Oakland middle schooler becomes national weightlifting champion

An eighth-grader from Madison Park Academy in Oakland recently dominated the USA Weightlifting national competition -- put on by the committee responsible for sending the U.S. team to the Olympics.

Seth Evans was deemed a champion and one of the nation's strongest 13-year-olds, winning both weightlifting events at the competition held in Detroit last weekend.

"I won snatch, I won clean and jerk, and I won the overall medal," he said.

Evans first found his love for weightlifting at 11 years old at the Speed Power Strength Gym near Fruitvale. Mike Jenkins, the owner of the gym and Evans' coach, said Evans caused "quite the commotion" when he went out with the heaviest weights in his age division.

His winning snatch, a move where weightlifters grab the bar and put it over their heads in one motion, was 145 lbs. His clean and jerk, where the weight moves to one's shoulders, then overhead, was 176 lbs.


Seth Evans winning the "snatch" weightlifting event at the 2021 USA Weightlifting Youth Nationals. (Courtesy of Oakland Unified School District)

"Traditionally, in Olympic weightlifting, your snatch is less than your clean and jerk," said Jenkins. "The clean and jerk is the big lift. Seth's snatch was bigger than all the other kids' clean and jerks. So, his light lift was bigger than everyone's heavy lift."

And Jenkins wasn't the only one who was amazed at Evans' strength. 

He struck a conversation with an Olympic coach and former Gold Medalist, who also commented on Evans' potential.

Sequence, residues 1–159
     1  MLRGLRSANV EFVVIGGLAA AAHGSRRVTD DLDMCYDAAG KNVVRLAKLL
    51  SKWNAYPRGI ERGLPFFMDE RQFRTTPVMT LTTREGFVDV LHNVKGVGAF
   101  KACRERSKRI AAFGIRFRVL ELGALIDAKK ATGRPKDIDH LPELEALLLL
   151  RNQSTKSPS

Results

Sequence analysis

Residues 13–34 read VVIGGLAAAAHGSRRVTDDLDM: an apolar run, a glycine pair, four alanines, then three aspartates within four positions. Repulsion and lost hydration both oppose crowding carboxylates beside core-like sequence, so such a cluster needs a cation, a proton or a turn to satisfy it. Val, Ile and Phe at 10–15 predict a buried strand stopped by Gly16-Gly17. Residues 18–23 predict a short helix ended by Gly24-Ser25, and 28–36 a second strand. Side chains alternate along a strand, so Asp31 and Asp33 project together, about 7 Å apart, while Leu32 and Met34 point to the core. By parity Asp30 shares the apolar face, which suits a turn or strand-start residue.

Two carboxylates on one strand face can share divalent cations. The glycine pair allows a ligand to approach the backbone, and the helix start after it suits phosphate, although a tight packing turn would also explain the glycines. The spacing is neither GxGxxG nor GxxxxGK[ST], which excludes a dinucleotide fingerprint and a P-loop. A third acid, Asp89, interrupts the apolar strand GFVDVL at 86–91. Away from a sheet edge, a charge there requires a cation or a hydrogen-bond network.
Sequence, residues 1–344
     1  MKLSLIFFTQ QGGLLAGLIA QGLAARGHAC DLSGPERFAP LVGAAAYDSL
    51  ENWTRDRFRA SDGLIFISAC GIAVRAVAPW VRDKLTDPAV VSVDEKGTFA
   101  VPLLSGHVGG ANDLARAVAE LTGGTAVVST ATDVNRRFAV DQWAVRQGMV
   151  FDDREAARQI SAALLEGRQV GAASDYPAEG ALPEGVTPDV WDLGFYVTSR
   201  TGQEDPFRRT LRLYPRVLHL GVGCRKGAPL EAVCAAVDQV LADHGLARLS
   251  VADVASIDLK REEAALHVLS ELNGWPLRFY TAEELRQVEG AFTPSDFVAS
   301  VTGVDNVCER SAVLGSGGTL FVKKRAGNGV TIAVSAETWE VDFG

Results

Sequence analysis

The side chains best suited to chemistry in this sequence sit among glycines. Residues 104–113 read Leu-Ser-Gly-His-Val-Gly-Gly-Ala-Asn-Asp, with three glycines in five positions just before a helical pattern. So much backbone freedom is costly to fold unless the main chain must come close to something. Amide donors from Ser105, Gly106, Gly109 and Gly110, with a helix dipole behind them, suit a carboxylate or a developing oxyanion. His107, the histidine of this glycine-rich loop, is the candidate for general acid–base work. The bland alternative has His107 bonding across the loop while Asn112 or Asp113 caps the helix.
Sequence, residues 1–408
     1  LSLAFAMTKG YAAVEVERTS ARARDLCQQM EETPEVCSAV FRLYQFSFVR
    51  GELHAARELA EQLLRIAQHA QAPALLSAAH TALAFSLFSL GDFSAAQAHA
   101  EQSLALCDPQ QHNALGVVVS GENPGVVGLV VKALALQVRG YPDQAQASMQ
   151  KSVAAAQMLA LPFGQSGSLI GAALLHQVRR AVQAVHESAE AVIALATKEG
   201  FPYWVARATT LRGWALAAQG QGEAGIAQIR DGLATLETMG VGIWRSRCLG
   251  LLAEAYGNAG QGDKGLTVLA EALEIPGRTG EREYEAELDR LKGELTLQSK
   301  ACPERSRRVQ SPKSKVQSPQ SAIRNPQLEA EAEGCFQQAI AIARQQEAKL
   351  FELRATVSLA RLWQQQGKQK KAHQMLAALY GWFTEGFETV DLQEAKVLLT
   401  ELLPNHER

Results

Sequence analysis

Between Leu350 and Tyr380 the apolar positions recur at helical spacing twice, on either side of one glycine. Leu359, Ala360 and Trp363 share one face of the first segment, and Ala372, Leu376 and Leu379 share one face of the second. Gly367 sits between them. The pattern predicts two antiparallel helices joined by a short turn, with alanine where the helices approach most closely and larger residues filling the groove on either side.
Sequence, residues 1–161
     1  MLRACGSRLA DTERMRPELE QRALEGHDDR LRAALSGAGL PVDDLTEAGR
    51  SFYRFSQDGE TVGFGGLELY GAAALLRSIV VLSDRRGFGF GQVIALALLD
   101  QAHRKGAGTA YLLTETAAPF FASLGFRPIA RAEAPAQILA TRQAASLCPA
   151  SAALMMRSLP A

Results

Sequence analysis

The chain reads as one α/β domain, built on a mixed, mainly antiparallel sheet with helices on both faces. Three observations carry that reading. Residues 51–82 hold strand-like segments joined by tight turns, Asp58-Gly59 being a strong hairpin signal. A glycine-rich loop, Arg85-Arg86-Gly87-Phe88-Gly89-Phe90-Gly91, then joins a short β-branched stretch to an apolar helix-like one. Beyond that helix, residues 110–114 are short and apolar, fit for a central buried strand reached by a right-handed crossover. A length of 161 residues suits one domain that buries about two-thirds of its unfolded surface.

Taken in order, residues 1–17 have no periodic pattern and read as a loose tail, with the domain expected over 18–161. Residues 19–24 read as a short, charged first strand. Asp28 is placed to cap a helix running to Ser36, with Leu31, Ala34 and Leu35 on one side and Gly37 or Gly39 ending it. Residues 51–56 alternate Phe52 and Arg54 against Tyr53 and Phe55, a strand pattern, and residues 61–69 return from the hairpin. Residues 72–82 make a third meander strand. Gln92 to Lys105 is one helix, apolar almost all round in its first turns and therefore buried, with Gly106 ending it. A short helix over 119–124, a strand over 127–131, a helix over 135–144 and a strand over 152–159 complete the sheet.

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13 year old Olympic Weightlifting National Champion Seth Evans from Madison Park Academy showing off his medals. The four on the right are from this year. Seth won the others over the past two years. (Courtesy of Oakland Unified School District)

"[The coach] said to me, I've never seen anything like this. He said, 'this kid is very special.' And again, the main thing is his focus," Jenkins said.

Dion Evans, father and athletic director at Madison Park Academy, says he'd like to say it's "good genes," but admits that "there's something in him."

"It's very humbling to walk into my house, or have him in my car, knowing I have a national champion sitting next to me and sleeping in my house," Dion Evans said.

What's next for the eighth-grader? Keeping up with training until he's old enough for the Olympics if all goes according to plan.

"I'm trying to see if I'm boundless, if I have a certain limit, if I hit that, am I going to stop? Of course, I don't want to stop… I'm trying to be boundless," Evans said.